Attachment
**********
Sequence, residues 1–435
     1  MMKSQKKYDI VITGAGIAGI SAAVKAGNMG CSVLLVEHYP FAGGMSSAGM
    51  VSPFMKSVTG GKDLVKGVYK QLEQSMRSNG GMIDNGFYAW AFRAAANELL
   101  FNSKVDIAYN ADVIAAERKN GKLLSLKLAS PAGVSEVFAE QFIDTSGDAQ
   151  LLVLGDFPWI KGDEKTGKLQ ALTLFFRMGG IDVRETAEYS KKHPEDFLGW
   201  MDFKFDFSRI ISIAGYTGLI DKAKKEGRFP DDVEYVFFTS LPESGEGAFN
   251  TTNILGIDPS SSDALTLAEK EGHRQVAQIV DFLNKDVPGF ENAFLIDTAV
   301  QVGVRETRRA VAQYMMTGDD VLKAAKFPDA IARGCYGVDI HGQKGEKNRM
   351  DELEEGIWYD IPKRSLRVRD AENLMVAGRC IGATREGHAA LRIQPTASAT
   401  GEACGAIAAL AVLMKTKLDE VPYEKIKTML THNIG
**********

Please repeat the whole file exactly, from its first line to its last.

Sequence, residues 1–435
     1  MMKSQKKYDI VITGAGIAGI SAAVKAGNMG CSVLLVEHYP FAGGMSSAGM
    51  VSPFMKSVTG GKDLVKGVYK QLEQSMRSNG GMIDNGFYAW AFRAAANELL
   101  FNSKVDIAYN ADVIAAERKN GKLLSLKLAS PAGVSEVFAE QFIDTSGDAQ
   151  LLVLGDFPWI KGDEKTGKLQ ALTLFFRMGG IDVRETAEYS KKHPEDFLGW
   201  MDFKFDFSRI ISIAGYTGLI DKAKKEGRFP DDVEYVFFTS LPESGEGAFN
   251  TTNILGIDPS SSDALTLAEK EGHRQVAQIV DFLNKDVPGF ENAFLIDTAV
   301  QVGVRETRRA VAQYMMTGDD VLKAAKFPDA IARGCYGVDI HGQKGEKNRM
   351  DELEEGIWYD IPKRSLRVRD AENLMVAGRC IGATREGHAA LRIQPTASAT
   401  GEACGAIAAL AVLMKTKLDE VPYEKIKTML THNIG